Liberty Intercept Blog

4 Ways to Help Combat the Problem of Condensation and Corrosion

Posted by Joe Spitz on Oct 23, 2017 2:25:35 PM

Condensation forms easily on this aluminum canHere’s a simple question: what happens when something cold is then exposed to a hot and humid atmosphere? That’s easy, of course, “sweat” forms on the surface of the cold item. For instance, your cold drinks in the summer where there is a surprisingly large quantity of water droplets dripping off the glass or can. That condensation can lead to corrosion problems when shipping your valuable products to docks and into operations where you have less control; especially if your company is shipping globally and/or to areas where the climates are generally warmer. It can actually be an issue most anywhere.

Condensation control is an important area of concern when applying protective packaging to your packaging plan. Certainly the food industry is quite aware of this as a significant cause of degradation to their products. Condensation is also a problem when encountering temperature changes such as from night to day, or when using refrigeration as a means of corrosion control for metal items; steels, electronics, and non-ferrous metals. The accelerated change in temperature for the item is problematic upon arrival to intended destination.

Corrosion on metals is made worse with surface contaminates. Contaminates such as sulfur, chlorine, ozone, nitrous, form acids when combining with water. Examples, that mix with the condensation form an electrolyte and begins to make your corrosion problem worse. This type of corrosion can happen very quickly and show itself for your customers to see when unpacking your products in their facility. Even worse, if not caught very early, particularly with electronics, the effects can rob your product of its intended useable life or even its warrantied life. Intermittent defects, latent defects, stress on power supplies, and less capacity to perform are all factors to inhibit your product from meeting customer expectations. At stake are costly returns, replacements, reworks, additional freight charges, additional engineering costs, and the cost to your company’s reputation.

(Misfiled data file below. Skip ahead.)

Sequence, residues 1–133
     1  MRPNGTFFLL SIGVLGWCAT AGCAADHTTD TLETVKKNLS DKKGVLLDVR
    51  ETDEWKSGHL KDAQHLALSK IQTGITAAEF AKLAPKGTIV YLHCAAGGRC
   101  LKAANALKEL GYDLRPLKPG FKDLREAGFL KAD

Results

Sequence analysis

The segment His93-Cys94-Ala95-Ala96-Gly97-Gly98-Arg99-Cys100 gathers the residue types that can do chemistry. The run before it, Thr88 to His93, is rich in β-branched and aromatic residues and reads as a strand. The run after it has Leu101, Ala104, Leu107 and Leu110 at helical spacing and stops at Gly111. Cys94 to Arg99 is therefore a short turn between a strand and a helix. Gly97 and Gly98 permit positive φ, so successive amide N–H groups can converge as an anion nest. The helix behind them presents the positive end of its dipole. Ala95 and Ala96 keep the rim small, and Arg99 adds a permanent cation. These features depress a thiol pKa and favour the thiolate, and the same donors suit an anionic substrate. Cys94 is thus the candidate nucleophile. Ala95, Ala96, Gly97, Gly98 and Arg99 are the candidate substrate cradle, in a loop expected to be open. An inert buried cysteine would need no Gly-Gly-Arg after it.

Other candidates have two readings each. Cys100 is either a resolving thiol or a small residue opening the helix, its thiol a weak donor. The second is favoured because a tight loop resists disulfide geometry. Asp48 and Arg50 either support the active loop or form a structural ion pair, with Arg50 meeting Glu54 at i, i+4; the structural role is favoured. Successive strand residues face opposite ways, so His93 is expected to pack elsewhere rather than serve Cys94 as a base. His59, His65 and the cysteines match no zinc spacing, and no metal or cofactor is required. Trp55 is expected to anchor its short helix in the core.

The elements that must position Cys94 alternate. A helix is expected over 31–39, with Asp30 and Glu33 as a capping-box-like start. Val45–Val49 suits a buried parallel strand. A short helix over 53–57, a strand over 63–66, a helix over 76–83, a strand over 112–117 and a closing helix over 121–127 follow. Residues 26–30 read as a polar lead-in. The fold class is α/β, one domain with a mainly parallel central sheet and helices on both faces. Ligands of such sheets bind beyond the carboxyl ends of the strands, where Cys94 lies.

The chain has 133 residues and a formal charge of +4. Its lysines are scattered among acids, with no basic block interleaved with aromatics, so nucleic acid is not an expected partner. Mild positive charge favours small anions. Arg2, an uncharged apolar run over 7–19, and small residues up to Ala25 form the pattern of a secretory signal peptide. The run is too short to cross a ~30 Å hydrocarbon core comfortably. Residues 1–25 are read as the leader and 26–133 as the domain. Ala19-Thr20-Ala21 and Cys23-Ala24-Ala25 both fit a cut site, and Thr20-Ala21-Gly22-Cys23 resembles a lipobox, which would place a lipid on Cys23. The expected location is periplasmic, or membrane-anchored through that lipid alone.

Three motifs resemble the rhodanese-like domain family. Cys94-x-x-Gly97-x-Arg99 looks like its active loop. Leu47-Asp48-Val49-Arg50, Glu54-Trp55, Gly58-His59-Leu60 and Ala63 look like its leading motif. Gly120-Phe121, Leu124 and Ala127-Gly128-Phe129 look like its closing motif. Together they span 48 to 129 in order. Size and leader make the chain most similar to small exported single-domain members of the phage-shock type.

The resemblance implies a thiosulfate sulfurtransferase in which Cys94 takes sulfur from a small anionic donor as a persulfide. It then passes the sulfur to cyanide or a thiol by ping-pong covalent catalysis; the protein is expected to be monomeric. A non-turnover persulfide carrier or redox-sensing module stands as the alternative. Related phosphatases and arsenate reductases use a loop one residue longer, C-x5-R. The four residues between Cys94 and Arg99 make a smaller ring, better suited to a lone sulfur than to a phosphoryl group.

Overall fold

Here are 4 ways to help combat the problem of condensation and corrosion.

  1. It is important to keep contaminates from all surfaces, which means clean operations from beginning to end including your parts suppliers. Reactive contaminates can be introduced at any point in manufacturing/assembly process, but most likely from the cleaning and rinsing steps. Ensure your plant and suppliers plants are cleaning parts with uncontaminated detergents and rinses. A product is only as good as its weakest point.
  2. When possible, employees should wear gloves when handling product. Fingerprints are acidic and will cause corrosion.
  3. Use in-process protection such as clean totes and lids, preferably designed to keep the atmosphere from depositing elements upon the product, are recommended.
  4. Proper barrier packaging and desiccant usage can help maintain your product’s integrity when in its most vulnerable position, which is often during shipping and storage. Best practice for the internal pack is to have it remain under dew point levels. The objective with condensation control and what works best is when there is a balance created where the inside-pack environment is kept under the dew point but not too dry, which may stress the barrier material, and/or prematurely dry out lubricants and gaskets, and/or creating electro-static fields from tribo-charging that can lead to catastrophic electrostatic discharge to electronics or simply hurt a handler.

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